of the population of a developing country? How do the green practices of different organisations affect climate scepticism in society? These are some of the questions Sehar Zulfiqar, a guest researcher at CIAS from Pakistan is studying.
This is not the first time Sehar Zulfiqar is spending a longer period of time in Hungary. The Pakistani-born researcher completed her doctoral studies at the University of Debrecen, and that was when she came to like the country. A former fellow student drew her attention to the CIAS guest researcher fellowship, under which she is now spending a semester at Corvinus.
Sehar, a researcher studying human resource management, more specifically organisational behaviour, is currently investigating how different organisations and institutions can contribute to sustainability and environment protection through the use of green human resource management and how this approach affects employee behaviour. The green human resource management (GHRM) approach refers to all policies and organisational practices that encourage employees to behave in a more environmentally responsible way.
The novelty of the research lies in the fact that Sehar Zulfiqar looks at the issue in the context of developing countries: ‘the nature of the challenges in these countries is very different from that of the challenges in the developed Western world. Literacy rates are lower and, at the same time, people are inherently less environmentally conscious.’
Sehar Zulfiqar’s findings show that if an organisation in a developing country adopts green human resource management, it can have an impact not only on the behaviour of its employees, but also on the attitude of society as a whole: ‘it is particularly interesting to look at this issue through the lens of climate change. In Pakistan, for example, a certain part of the society is climate sceptic. It is exciting to observe what change processes the application of green human resource management will trigger in climate change deniers’. The researcher added that she experienced a huge change at the Corvinus, too, in attitudes towards sustainability issues compared to the situation she saw four or five years ago.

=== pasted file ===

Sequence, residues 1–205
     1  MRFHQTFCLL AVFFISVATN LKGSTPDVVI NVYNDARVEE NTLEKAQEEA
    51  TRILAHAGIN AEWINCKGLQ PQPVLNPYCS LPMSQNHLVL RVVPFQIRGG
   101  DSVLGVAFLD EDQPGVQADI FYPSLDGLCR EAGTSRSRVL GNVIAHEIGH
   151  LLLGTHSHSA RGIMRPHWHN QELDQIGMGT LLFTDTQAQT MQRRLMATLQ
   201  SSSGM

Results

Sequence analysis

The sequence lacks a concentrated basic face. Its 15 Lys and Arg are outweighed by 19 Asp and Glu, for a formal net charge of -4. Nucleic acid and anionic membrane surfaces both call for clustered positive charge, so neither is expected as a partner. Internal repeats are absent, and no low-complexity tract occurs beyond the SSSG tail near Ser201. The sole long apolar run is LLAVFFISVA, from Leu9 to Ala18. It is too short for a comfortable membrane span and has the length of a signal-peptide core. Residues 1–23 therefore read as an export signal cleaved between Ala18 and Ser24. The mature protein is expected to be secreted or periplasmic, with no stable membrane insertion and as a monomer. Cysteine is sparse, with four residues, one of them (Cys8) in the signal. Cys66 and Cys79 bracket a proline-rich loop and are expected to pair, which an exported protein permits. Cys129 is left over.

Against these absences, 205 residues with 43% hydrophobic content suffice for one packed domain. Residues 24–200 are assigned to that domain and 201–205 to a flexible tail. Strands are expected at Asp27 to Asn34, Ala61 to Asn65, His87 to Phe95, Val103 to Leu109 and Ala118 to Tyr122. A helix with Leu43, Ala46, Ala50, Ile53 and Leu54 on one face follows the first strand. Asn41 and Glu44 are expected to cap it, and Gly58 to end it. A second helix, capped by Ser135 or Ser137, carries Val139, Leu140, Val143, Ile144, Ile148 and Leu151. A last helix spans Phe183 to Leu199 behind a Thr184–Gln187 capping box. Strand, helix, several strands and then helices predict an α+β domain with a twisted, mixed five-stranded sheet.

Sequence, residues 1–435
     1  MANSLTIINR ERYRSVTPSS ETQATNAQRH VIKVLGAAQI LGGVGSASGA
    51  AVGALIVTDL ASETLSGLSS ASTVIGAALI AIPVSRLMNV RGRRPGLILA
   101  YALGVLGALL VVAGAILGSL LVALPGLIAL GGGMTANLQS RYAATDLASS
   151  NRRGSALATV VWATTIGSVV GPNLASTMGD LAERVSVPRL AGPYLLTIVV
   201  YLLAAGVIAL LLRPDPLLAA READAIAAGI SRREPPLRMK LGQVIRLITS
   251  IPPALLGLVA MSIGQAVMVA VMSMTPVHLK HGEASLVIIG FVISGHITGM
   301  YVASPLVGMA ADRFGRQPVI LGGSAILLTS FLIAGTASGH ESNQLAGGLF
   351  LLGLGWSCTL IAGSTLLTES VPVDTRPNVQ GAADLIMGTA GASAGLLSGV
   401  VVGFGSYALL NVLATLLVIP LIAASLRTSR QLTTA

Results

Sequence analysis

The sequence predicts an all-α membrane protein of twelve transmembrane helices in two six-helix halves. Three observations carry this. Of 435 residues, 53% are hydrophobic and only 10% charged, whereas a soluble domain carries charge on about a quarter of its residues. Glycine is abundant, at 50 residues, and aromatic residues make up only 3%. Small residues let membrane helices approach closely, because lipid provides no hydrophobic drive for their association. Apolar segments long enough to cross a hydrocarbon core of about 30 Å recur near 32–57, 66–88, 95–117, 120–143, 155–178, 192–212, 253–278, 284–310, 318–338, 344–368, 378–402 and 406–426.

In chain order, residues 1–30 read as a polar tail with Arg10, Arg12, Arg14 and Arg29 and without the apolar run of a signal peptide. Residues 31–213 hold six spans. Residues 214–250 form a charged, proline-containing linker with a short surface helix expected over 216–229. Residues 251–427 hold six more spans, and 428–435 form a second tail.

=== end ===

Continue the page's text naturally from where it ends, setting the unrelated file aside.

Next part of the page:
She has felt very much at home in CIAS from the very beginning. As a positive feature, she mentions the international environment at the institute and the fact that she can talk to researchers from all over the world every day. As she spends most of the year teaching and running a professional organisation in Pakistan, she has less time for research at home. That’s why she considers the CIAS guest researcher fellowship programme a great opportunity for professional development, allowing her to focus on her research for a year.
When I ask her about her hobbies, she laughs and says that even now she mostly just researches or reads literature in her spare time, because she wants to have tangible research results from this period. When she feels she has done enough professional work, she likes to take a walk along the banks of the Danube: ‘I love Budapest, I think it’s a very liveable and peaceful city,’ adds the Pakistani researcher.